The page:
The estimated impacts of the Migration Advisory Committee’s findings are:

  • Some of the largest impacts will be felt in sectors that primarily employ lower-skilled workers that would not be eligible under the proposed restriction to medium and higher-skilled workers in Tier 2 (General). These impacts could be addressed by the temporary worker route, or via sector-based schemes mentioned in the election campaign.
  • The estimated impact of MAC’s recommendations varies across the regions and countries of the UK, with the largest predicted impacts in London (due to the greater share of migrants living there). However, salary thresholds should apply across the UK (rather than lowering them in some regions) and a separate visa should be introduced to help in regions of particular weakness.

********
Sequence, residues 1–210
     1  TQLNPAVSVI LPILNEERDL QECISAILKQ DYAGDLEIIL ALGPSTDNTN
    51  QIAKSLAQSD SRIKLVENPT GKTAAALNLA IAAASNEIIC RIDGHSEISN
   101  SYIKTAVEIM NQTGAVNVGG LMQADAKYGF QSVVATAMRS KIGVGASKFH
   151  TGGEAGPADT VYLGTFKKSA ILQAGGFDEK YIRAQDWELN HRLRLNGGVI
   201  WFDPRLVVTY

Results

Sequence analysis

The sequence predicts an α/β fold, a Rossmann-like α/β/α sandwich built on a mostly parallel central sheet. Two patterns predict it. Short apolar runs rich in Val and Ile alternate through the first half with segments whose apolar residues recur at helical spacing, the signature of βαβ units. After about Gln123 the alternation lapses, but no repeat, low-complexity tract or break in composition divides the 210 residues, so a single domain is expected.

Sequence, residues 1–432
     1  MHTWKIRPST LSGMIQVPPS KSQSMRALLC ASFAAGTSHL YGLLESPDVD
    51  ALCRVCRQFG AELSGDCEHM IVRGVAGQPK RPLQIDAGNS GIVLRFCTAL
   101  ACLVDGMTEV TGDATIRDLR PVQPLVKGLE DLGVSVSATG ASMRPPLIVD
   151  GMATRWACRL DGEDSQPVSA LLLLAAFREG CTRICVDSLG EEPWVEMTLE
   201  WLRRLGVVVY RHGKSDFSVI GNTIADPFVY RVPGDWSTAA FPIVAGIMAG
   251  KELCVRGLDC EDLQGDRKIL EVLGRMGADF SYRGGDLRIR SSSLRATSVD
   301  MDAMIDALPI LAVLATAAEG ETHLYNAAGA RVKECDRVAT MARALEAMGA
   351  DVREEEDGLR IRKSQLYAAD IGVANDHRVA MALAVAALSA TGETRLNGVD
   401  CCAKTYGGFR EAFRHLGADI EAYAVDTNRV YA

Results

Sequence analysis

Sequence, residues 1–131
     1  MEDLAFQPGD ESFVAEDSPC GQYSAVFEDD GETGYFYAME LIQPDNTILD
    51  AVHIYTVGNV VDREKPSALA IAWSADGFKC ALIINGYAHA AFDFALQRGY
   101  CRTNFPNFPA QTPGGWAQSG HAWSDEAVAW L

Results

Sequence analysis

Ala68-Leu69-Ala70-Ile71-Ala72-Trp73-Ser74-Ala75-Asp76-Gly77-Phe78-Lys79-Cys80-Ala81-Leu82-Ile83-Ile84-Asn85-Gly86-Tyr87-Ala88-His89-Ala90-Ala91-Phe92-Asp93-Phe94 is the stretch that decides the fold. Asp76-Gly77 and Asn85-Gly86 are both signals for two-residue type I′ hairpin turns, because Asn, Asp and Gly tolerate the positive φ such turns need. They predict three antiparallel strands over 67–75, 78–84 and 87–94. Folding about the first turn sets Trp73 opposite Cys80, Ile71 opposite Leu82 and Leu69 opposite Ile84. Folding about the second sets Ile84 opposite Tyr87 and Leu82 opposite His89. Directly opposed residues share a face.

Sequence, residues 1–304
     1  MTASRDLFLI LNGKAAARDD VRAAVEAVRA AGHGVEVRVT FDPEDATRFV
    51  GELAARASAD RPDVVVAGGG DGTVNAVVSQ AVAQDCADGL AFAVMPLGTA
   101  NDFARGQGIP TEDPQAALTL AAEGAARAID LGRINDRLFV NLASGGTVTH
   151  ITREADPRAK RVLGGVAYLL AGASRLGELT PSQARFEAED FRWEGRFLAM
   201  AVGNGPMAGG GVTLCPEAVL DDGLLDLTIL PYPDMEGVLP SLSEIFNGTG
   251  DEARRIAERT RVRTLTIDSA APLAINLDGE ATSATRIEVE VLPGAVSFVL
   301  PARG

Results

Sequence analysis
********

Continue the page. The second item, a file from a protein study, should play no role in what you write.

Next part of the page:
The Home Office will now consider the report’s recommendations before setting out further details on the UK’s future immigration system.

Dr Richard Wilson OBE, CEO of TIGA commented:

“TIGA welcomes the attention given to sector-specific needs for the STEM and creative industries in the MAC’s report and the recommendation for sector-specific visas for these industries. The MAC’s proposal that the existing framework for Tier 2 (General) visas should remain as an employer-sponsored route and should be retained with a salary threshold expanded to include medium and highly skilled workers, could help to ensure that the video games industry can still access the highly skilled developers that it needs post-Brexit.

“However, if the UK Government does proceed to introduce a points based migration system, then the top three criteria should be ‘work experience’, ‘having a job offer’ and ‘language proficiency’.

“Many games businesses will also welcome the MAC’s recommendation lowering the salary threshold for migrants with a job offer to £25,600 from a suggested £30,000.

“The UK video games industry is a creative, high technology, high skills, export focused industry. It is essential that the sector can access the best global talent so that it can continue to contribute to the success of the UK economy.”

[1] Migration Advisory Committee, A Points-Based system and Salary Thresholds for Immigration: Report, p.7, link